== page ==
I'd like to add that there's MANY things that won't fly on the Discovery Channel -- controversial ideas would be a large part of that. Can one go on Discovery and announce "I dislike democracy for the following reasons"? Can one go on Discovery and discuss Christianity in a negative light? Does that mean we must now avoid controversial ideas as well?

Ok you say I missed the point there. Well then, pray tell, how is sex any different from criticising Christianity or Democracy? Sex is taboo in our society largely due to religious influences; if you look at it objectively, there is absolutely no reason we should not discuss yet another part of our daily lives -- so sharing your sports or hobbies is ok, discussing eating is ok, but mating is some sort of special action now? Objectively-speaking, that is. I know societal norms currently dictate something different, but those are so abstract and irrelevant to an intellectual discourse!

Now you would probably say "How the hell does smut constitute intellectual discourse?"

How doesn't it? If one looks beyond elitism and snobbery, how is a discussion of a nightly activity any different from one on the fine art of cooking or sports tips?

"Well, SOME people find it offensive. And it is their right to not have such views forced on them."

Many Christians find atheism offensive. Must we all tiptoe quietly around them?

I find some instances of rusophobia mildly offensive due to my nationality; however, would I ban it, given the power? Of course not! First of all, that would weaken my own points. But more importantly, supressing those views does no good to me -- they still remain, and I know I could still do something about it! [i]That which is censored does not simply vanish, it merely vanishes from plain sight. [/i] If I'm seriously objectively offended by that (that is, with justifyable logical reason), I'd engage in an intellectual discussion. Let's convince the other party they are mistaken. This is how scientific discourse works (for the most part)! And if I can't be bothered to care enough, then I simply ignore it.

Eugenics of ideas is a dangerous field. Let's assume some ideas can be vile. Let's make an analogy to virulent diseases. So to stomp out a certain disease -- let's say, smallpox, because it has been done, for the most part -- we have, say, three options:

1. Eradicate the virus itself by isolating and killing each infected individual
2. Eradicate the virus by designing a special drug that only targets this virus (practically impossible, I know, but that's irrelevant) and kills it off
3. Vaccinate each and every individual against the virus, thereby essentially starving it to death.

Perhaps some of you may already know which of these was done and was successful in practically eradicating the disease off the face of our planet. You may also be aware of the serious threat we now face after not having faced it for decades, while armies still have stocks of the virus sealed away... but I digress.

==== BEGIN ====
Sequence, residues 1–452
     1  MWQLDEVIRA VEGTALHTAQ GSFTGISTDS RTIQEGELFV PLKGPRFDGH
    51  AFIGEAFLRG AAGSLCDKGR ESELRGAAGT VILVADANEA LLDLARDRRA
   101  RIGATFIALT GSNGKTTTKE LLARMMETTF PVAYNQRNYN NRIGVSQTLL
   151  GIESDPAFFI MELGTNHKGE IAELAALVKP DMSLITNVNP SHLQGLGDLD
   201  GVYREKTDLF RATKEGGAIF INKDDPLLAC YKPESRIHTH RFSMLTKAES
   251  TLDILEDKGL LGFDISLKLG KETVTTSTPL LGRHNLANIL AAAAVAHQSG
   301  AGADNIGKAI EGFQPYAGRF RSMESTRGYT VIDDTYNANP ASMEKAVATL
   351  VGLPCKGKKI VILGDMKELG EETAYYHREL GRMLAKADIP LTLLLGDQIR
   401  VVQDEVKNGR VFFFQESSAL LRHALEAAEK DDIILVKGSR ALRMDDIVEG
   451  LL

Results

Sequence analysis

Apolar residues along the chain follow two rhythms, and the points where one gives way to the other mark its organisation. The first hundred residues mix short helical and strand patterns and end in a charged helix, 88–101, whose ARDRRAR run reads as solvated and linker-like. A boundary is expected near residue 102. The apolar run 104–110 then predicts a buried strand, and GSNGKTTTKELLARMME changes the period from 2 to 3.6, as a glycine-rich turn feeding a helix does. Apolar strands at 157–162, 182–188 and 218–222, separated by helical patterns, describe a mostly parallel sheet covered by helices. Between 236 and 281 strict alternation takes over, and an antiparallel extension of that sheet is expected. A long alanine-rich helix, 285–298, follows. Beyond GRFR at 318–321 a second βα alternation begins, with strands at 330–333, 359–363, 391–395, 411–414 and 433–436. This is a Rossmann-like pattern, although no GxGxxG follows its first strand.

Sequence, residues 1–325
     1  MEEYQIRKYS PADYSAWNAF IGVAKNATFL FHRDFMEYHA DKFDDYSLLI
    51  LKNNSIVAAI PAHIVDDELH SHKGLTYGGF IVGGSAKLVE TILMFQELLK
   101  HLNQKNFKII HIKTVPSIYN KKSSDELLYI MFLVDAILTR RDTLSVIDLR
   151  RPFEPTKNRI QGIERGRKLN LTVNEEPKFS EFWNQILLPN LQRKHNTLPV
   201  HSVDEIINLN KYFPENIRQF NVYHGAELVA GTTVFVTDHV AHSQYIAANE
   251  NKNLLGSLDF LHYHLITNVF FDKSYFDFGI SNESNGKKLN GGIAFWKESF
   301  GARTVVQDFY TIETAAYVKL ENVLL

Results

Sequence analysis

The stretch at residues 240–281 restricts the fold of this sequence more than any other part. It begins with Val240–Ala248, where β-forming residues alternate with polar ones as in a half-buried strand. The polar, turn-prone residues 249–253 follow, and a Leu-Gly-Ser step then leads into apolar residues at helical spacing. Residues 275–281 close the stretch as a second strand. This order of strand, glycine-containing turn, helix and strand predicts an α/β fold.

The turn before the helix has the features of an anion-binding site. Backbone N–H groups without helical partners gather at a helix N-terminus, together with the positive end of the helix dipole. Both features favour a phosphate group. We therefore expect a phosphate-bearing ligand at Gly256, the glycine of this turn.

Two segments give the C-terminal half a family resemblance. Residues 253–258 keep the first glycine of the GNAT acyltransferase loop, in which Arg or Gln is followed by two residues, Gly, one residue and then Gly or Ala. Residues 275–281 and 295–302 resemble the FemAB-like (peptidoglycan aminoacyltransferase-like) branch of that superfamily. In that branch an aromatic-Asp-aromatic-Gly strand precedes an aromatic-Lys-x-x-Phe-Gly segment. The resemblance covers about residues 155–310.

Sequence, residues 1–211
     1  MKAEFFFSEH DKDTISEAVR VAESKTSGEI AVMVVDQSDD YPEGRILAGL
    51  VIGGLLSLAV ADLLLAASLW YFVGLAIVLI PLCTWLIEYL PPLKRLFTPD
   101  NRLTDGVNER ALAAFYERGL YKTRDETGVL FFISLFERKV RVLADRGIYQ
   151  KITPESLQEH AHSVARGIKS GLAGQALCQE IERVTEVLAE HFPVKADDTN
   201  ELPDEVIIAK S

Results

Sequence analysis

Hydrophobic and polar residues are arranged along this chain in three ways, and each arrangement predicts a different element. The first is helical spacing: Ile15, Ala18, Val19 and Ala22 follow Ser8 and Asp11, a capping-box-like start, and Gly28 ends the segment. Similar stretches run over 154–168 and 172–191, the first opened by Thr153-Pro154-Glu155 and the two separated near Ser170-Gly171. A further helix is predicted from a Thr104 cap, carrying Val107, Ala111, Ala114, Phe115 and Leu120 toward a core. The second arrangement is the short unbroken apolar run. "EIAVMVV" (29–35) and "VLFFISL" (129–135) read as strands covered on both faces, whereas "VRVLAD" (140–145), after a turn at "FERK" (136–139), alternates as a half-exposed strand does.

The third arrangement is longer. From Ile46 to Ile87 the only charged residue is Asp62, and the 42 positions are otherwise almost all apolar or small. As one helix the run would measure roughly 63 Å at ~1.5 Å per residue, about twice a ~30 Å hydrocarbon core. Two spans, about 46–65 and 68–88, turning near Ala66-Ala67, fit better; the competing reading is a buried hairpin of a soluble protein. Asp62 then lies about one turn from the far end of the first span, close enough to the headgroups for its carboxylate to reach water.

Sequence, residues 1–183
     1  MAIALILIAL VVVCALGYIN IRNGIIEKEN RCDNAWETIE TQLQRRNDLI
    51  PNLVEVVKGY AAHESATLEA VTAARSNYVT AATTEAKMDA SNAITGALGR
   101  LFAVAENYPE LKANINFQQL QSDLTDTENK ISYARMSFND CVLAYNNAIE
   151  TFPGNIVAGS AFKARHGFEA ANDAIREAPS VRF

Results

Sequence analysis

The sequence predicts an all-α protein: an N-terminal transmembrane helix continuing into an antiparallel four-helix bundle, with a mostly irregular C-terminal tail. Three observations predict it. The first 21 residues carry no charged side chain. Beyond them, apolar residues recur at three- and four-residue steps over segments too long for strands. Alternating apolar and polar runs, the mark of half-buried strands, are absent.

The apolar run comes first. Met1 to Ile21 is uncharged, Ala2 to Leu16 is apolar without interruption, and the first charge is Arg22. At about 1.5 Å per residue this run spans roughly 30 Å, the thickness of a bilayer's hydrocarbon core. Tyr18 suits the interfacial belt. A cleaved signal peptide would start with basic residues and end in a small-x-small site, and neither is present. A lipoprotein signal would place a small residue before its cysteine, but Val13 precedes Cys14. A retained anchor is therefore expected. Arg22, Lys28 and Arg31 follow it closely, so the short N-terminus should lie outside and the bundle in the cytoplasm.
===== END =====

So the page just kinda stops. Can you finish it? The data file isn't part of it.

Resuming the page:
It may be rather evident that attempts to eradicate the disease by drugging every single virus would be epically futile. Killing off the infected is also quite futile, as there would always be an infection leak one way or another. So what do we do? Vaccinations! Let's be exposed to a mild form of the virus in our early age, let the body realise it's bad stuff, and therefore immunise ourselves against the disease for the rest of our lives!

So what does this have to do with anything?

Censorship, dear friends, is akin to #2. Extreme censorship (eg. Stalin era purges; Gestapo in Nazi Germany; N.Korea) is similar to #1. Allowing exposure to all ideas (albeit not acted upon yet -- hence, weakened), is like #3. It allows us (assuming we have the proper immune response -- SKEPTICISM and rational thought) to foresee potentially bad ideologies to pursue, and avoid them, even combat them fiercely. It allows us to understand WHY an idea is wicked -- simply censoring it altogether does not mean people won't agree. This applies to racism -- many people would say bad things about it, but ACTUALLY PRACTICE IT because they never investigated WHY racism would be a vile activity to engage in. It's politically incorrect to discuss that.

So even if we assume sex is a vile topic for discussion (I strongly disagree but whatever), one must still allows discussion thereof. If people genuinely want to discuss it, they definitely see some worth in the discussion. This means the idea is not yet dead.

Free thought and censorship are antagonists to each other. Please decide which side you lean towards. This isn't a with-us-or-against-us statement, but rather a plea to avoid blatant hypcrisy. Especially when we have a public image to mind."

And another one:

"What isn't explained? This isn't a forum for sex. It is a simple policy decision made after viewing many threads with content that was not appropriate for this website. There will be an area for off-topic discussion (I'm leaving this in the admins and mods hands), just not discussions on sex. I believe the admins are dealing with the off-topic section now. Everyone who has become so vocally angry about this needs to take a serious step back. This is a forum for issues relating to reason and science. The statement is very clear relating to sex: If it wouldn't fly on The Discovery Channel, it isn't going to fly here. If the only reason you were on was to discuss sex, then I won't miss you when you're gone. Take it elsewhere, it's that simple. Come back if and when you want to discuss something related to either Richard Dawkins or the themes of his website.

Josh Timonen" [site admin]

You know, I feel kind of insulted by that. And I don't get offended very easily.